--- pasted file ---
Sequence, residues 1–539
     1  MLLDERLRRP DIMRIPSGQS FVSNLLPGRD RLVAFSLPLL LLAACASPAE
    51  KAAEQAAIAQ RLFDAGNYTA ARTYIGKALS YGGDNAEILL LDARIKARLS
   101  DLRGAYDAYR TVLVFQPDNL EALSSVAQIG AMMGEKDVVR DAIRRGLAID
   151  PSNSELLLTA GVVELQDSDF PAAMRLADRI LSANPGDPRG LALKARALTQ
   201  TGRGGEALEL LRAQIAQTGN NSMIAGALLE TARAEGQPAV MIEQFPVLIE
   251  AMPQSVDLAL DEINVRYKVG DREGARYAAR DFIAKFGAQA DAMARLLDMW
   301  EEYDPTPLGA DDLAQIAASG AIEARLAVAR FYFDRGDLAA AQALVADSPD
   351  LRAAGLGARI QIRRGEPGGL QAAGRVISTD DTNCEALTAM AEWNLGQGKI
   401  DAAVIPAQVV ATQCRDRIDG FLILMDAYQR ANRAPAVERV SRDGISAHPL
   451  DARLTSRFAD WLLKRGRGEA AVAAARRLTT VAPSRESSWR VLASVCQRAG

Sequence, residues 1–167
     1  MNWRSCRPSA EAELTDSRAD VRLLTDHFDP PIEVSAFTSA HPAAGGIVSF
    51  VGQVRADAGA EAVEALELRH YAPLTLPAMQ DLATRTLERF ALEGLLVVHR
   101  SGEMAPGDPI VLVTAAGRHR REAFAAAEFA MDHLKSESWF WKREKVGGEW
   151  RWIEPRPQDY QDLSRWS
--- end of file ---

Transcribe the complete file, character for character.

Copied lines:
Sequence, residues 1–539
     1  MLLDERLRRP DIMRIPSGQS FVSNLLPGRD RLVAFSLPLL LLAACASPAE
    51  KAAEQAAIAQ RLFDAGNYTA ARTYIGKALS YGGDNAEILL LDARIKARLS
   101  DLRGAYDAYR TVLVFQPDNL EALSSVAQIG AMMGEKDVVR DAIRRGLAID
   151  PSNSELLLTA GVVELQDSDF PAAMRLADRI LSANPGDPRG LALKARALTQ
   201  TGRGGEALEL LRAQIAQTGN NSMIAGALLE TARAEGQPAV MIEQFPVLIE
   251  AMPQSVDLAL DEINVRYKVG DREGARYAAR DFIAKFGAQA DAMARLLDMW
   301  EEYDPTPLGA DDLAQIAASG AIEARLAVAR FYFDRGDLAA AQALVADSPD
   351  LRAAGLGARI QIRRGEPGGL QAAGRVISTD DTNCEALTAM AEWNLGQGKI
   401  DAAVIPAQVV ATQCRDRIDG FLILMDAYQR ANRAPAVERV SRDGISAHPL
   451  DARLTSRFAD WLLKRGRGEA AVAAARRLTT VAPSRESSWR VLASVCQRAG

Sequence, residues 1–167
     1  MNWRSCRPSA EAELTDSRAD VRLLTDHFDP PIEVSAFTSA HPAAGGIVSF
    51  VGQVRADAGA EAVEALELRH YAPLTLPAMQ DLATRTLERF ALEGLLVVHR
   101  SGEMAPGDPI VLVTAAGRHR REAFAAAEFA MDHLKSESWF WKREKVGGEW
   151  RWIEPRPQDY QDLSRWS